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Michael Ratner says that US government is still pursuing criminal investigations against Wikileaks Editor and staffers, not just because of what they have already released to the public but because of what they still continue to release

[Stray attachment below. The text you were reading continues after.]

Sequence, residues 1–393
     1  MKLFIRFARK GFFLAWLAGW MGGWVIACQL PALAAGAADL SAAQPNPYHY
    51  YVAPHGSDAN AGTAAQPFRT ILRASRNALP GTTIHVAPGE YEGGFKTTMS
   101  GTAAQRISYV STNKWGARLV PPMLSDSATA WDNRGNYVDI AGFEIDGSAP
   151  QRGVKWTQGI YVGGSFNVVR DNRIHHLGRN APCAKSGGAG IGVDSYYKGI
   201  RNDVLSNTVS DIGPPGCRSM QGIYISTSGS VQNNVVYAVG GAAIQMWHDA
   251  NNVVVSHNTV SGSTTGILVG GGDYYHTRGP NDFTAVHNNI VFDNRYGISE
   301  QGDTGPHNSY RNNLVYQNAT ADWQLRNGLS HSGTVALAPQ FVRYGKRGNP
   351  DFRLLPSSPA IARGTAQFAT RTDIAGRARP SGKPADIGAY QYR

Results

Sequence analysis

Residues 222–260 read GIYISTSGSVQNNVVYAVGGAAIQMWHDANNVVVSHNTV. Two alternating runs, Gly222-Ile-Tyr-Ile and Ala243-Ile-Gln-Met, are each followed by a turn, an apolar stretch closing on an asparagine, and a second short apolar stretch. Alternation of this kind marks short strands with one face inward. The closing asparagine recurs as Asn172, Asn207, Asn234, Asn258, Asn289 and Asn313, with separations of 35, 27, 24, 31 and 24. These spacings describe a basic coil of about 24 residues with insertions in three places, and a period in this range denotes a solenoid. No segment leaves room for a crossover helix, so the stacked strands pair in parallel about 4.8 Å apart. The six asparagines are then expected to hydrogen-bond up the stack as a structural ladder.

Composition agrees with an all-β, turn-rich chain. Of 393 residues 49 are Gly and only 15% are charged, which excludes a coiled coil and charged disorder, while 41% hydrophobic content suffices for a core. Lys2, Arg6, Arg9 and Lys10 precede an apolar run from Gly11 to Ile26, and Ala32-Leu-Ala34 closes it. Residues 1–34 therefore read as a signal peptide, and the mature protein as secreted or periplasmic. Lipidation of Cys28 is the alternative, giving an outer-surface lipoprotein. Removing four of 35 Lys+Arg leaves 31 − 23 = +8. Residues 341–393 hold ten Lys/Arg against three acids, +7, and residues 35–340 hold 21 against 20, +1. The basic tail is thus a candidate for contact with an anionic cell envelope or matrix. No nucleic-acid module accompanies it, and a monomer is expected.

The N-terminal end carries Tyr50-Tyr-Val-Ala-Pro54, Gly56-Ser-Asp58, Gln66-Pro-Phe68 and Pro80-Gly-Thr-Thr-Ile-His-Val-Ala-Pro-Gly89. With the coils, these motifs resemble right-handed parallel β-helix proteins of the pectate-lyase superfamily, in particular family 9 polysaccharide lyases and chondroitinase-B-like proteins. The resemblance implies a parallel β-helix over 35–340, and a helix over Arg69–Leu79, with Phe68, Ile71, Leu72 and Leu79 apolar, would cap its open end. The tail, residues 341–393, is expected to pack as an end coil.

SHARMINI PERIES, EXEC. PRODUCER, TRNN: Welcome to The Real News Network. I’m Sharmini Peries, coming to you from Baltimore. Also, welcome to this edition of the Michael Ratner report. Michael Ratner is the president emeritus of the Center for Constitutional Rights in New York, and he is the U.S. attorney for Julian Assange. He is also board member of The Real News Network. Thanks again for joining us, Michael. MICHAEL RATNER, PRESIDENT EMERITUS, CENTER FOR CONSTITUTIONAL RIGHTS: It’s always good to be with The Real News, Sharmini. Thank you for having me. PERIES: You’re very welcome. We’re honored to have you. So, Michael, you want to talk about search warrants today. So what have you? RATNER: You know, for a long time, the Center for Constitutional Rights, myself and others, had been representing Julian Assange and WikiLeaks, as well as members of their staff, with regard to criminal investigations that have been going on against them in the United States particularly. And for years we’ve had doubting Thomases out there. They said, well, Julian Assange is in the embassy in Ecuador, where he’s been given–in London, in the Ecuador embassy, where he’s been given asylum, but is this really a threat? Is the U.S. really after him? After all, he’s a journalist and a publisher. Are they really going after him? And for years now we’ve been trying to demonstrate to these doubters that WikiLeaks and Julian Assange and other staffers are the targets of U.S. criminal proceeding and that the United States is trying to destroy them, not only because of what they’ve published in the past–“Collateral Murder” video, Iraq and Afghan war logs, diplomatic cables–but because of what they’re continuing to do–the Trans-Pacific Partnership, secret agreements, the Syria cables, and of course their heroic efforts to help Snowdon gain asylum. They’re targets despite the fact they’re journalists and publishers. Well, unfortunately, in the last few weeks, there’s additional proof that the United States is out to destroy WikiLeaks. On December 23–a bad news day in terms of getting publicity out right before the Christmas holiday, just over seven weeks ago–three WikiLeaks journalists and editors–Sarah Harrison, Joseph Farrell, and Kristinn Hrafnsson–were notified by Google that pursuant to search and seizure warrants approved by a U.S. federal court, it, Google, had provided U.S. law enforcement officials with all of the email content drafts and deleted email material, subscriber data, metadata, contacts, addresses, pictures, essentially everything associated with the accounts of these three WikiLeaks journalists and staffers, everything–personal and even attorney-client material. The warrants to Google acted like a huge vacuum cleaners, sucking up everything, including everything these people, these journalists searched for on Google. A number of shocking things about these warrants, not only in addition to their give-us-everything order. First, as I’ve stated, the warrants were issued to working journalists and editors, and in that sense they fit a pattern of the Obama administration if they go after not just the sources, such as Chelsea Manning, but they go after journalists who publish what those sources say as well. You recall AP, Associated Press, received 20 different subpoenas for material of their reporters in 2012. James Rosen of Fox, news reporter, was listed as a criminal co-conspirator in an Espionage Act case as a way of getting his materials. So, again, this administration, which has now prosecuted more whistleblowers than any other in history, in fact than all of them combined, is going after WikiLeaks. Secondly, the warrants asserted, the warrants against WikiLeaks staffers asserted that the email of these journalists contained evidence of violations of the Espionage Act, conspiracy to commit espionage, violations of the Computer Fraud and Abuse Act, and other federal laws. So, in other words, they’re trying to link these staffers, WikiLeaks and Julian Assange, into a conspiracy to commit espionage. And third, although these warrants were issued in March 22, 2012, two and a half years ago, the WikiLeaks staffers were notified by Google of these warrants only seven weeks ago, on December 23. And the question is, in my mind, did Google make an effort to stop them? So far it looks like Google may have made an effort. What Google has said, at least to newspapers so far (and perhaps they will soon say to us): that they made an effort to lift gag orders that were put on these subpoenas or these search warrants. But unfortunately, they didn’t get that authority to do so until recently. Unfortunately, what we’ve seen here is another demonstration of what we’ve been saying for a number of years: WikiLeaks and Julian Assange are targets of this massive U.S. criminal investigation. In response to these revelations, WikiLeaks is fighting back. In addition to asking Google about the circumstances of the delay in notifying them, we have sent two letters to the prosecution authorities in the United States. One is to the attorney general, and the other is to the chief prosecutor of the Eastern District of Virginia, where the federal court grand jury has been sitting with regard to WikiLeaks. These letters ask a most important question, and to which our clients are entitled to an answer: is there an ongoing criminal investigation of WikiLeaks, Julian Assange, and our clients? What is the status of that investigation? And are our clients witnesses, subjects, or targets of these investigations? They have a right to know. They have a right to know that there is not a sword of Damocles hanging over their heads. We also want an inventory of all materials turned over to the federal government. They asked for everything, the government. We want to know if my conversations, attorney-client protected, and other attorneys’ were turned over to the government. Our hope is that the U.S. will respond to this. So far it hasn’t. But they did respond to a newspaper reporter rather than to us. What they said: they declined to comment, citing–which is really terrible–citing the ongoing investigation of WikiLeaks. Ultimately we’re deciding what other actions to take against the federal government, including lawsuits, to try and put a stop to this remarkable persecution of WikiLeaks, Julian Assange, and his staff. I want to close on this. Since 2010, it’s clear the U.S. government has WikiLeaks in its sights. There was a grand jury sitting. At the Manning trial it was revealed that they’re trying to build a conspiracy of Manning and WikiLeaks. An agent on the witness stand said that seven managers and officials of WikiLeaks were under investigation. On May 19 of just last year, the government admitted that there was a multisubject criminal investigation of WikiLeaks by the Department of Justice. And now we have these warrants. And then, finally, we have this recent statement that there’s an ongoing investigation of WikiLeaks. Let us remember that these are criminal investigations of publishers and journalists. That is why Julian Assange was given asylum by Ecuador, because he faces persecution for his work as an editor, as a publisher, and as a journalist. It’s something that it’s long past the time when these investigations should come to an end. And as over 50 press and human rights organizations have demanded, including Human Rights Watch, these persecutions of WikiLeaks and its staff must come to an end. PERIES: Michael, a couple of points of clarification. You said that they responded, the government responded to a reporter. Was that The Washington Post? RATNER: Yes, the government responded to The Washington Post by saying they won’t respond, and the reason they won’t respond is because WikiLeaks is still under investigation. Well, that’s more than they’ve ever told us directly. PERIES: And you also sent a letter to Eric Schmidt, the CEO of Google. What was their defense? RATNER: Well, Google has said to The Washington Post–and I think I’ll they’ll be willing to talk to us about it as well–but have said that they have litigated up and down these gag orders, in these cases as well as others, and they are–essentially they’ve lost a lot of them. And, of course, they obviously won this one, at least enough to tell us that–or to tell the truth three staffers that they could tell us about the search warrants. They haven’t told us much more this point. And we’ll see when we get it in writing from Google, etc., what they have done to be able to litigate these search warrants. You understand, this puts a very difficult position. If the federal government asked Google for information and they’re under a gag order, Google can’t tell us without getting contempt of court. And Google, like Twitter did in the past, goes into court and litigates that. And then the court says, you still can’t tell them. The problem that’s faced is extremely hard, because the only real right to litigate, the breadth of those warrants, the content of what those warrants request, is by the people whose records have been subpoenaed. It’s not Google’s records; it’s Sarah Harrison’s records, it’s Joseph Farrell’s records, it’s Kristinn Hrafnsson’s records, it’s WikiLeaks’s records. They can relitigate the substance. Google can’t. Google can only litigate, can we tell them are not. They can’t tell us the federal government can just sweep up everything without anybody going to court. So having a gag order, which would have really been almost unheard of a number of years ago, is really outrageous. It essentially says, federal government, issue a search warrant to Google. Google tries to say, we want to notify Sarah Harrison others. The federal court says no. Everything gets turned over to the federal government, and there’s no litigation as to whether there’s attorney-client material, as to whether the material is relevant, as to whether this is a vacuum cleaner warrant–as someone said to me, a hoover warrant, hoovering in everything that our clients have done. So it makes it a huge black box. And so far–and we’re hopeful that Google has been litigating this gag order. But even then, here it’s two and half years late, the material have been turned over. It’s already too late for us. We, Google, we, WikiLeaks and others who get this kind of warrants about their material, should be in court the first day before that material is turned over. It’s not Google’s fault that they haven’t been able to tell us. It’s the federal court and the federal government and this incredible, incredible secrecy that basically the courts are now engaged in protecting. PERIES: Right. So, according to Google, they actually did challenge their request to reveal these records and the gag order. But we also know that Microsoft and Twitter, I think, publicly challenge the government about handing over these personal records. Clarify that for us. What actually happened? RATNER: There’s two issues you’re raising there. One is Twitter, which was the earliest case of this, which was early on, before 2012, actually–in that period, 2011, 2012–did reveal publicly that there were various Twitter accounts that were subpoenaed by the federal government. And they revealed that publicly and, according to articles in the newspaper by Google and newspaper reporters and others, that there was such a stink about that that the federal government decided to fight much harder to make sure nothing would be revealed about that. When Google apparently tried to do that litigation with litigation, according to Google, it was much more closed in terms of what they could reveal. Google, at least according to the paper, said they did roughly what Twitter did, but they weren’t allowed to reveal as much as Twitter did. So that’s where it stands. We’re still trying to find out more about that. Now, the Microsoft case is quite interesting that you raised. Let’s think about this for a second. If a search warrant in the United States is issued–or let’s say I had a house in Ireland, for example. A U.S. court issues a search warrant and says, we have a right to search this Irish citizen’s house in Ireland. Ireland isn’t going to be happy about it or isn’t going to allow it, because the U.S. court doesn’t have jurisdiction or right to go and search someone’s house in Ireland. So here’s what happened in the Microsoft case. Microsoft sees that the material that’s requested from Microsoft is on servers that are in Ireland. They’re not on Microsoft’s servers in the United States. Microsoft, to its credit, goes into court and says those servers are in Ireland; we don’t think you have–you, federal government, have the statutory authority to go look at servers in Ireland. We don’t think that you’re authorized under the U.S. statute. And, of course, it may be that the Republic of Ireland’s going to be pretty upset over having a U.S. search warrant go into a server that’s in the country of the Republic of Ireland. Microsoft did that. Microsoft lost at the lowest level on that. It’s now in the court of appeals. What will happen we don’t know. What will happen in U.S. courts we don’t know. And, of course, there could be very well be action in the European Union, in Ireland and other countries to say, U.S. courts, you can’t just go searching servers into servers into our countries. Now, in the case that we’ve been discussing, WikiLeaks, but really the three staffers for WikiLeaks, we do not know at this point what servers the material turned over to the United States was on. And that’s a question we want an answer to. So, for example, if that material was on servers in Ireland or other places Google may have had servers, we think that Google should be or should have litigated the question of whether they could turn over to the federal government material on servers outside the United States. As I said, we don’t know where the material was at this point, but you have to consider this. The three people served are the three people whose documents were wanted from Google, whose email was wanted from Google, are all three people who were–are three people who were not in the United States. Kristinn Hrafnsson is Icelandic; Sarah Harrison, U.K. and Germany; Joseph Farrell, U.K. So there’s a fair chance, it seems to me, that their material was not on Google’s servers in the United States, in which case we hope that Google would have made an objection to that material. On the other hand, we’re not sure of this at all, as to where that material was. PERIES: Right. So, Michael, as you uncover more information about this story, we’d certainly like to follow it. So thank you so much for joining us today. RATNER: Thank you for having me on The Real News, Sharmini. PERIES: And thank you for joining us on The Real News Network.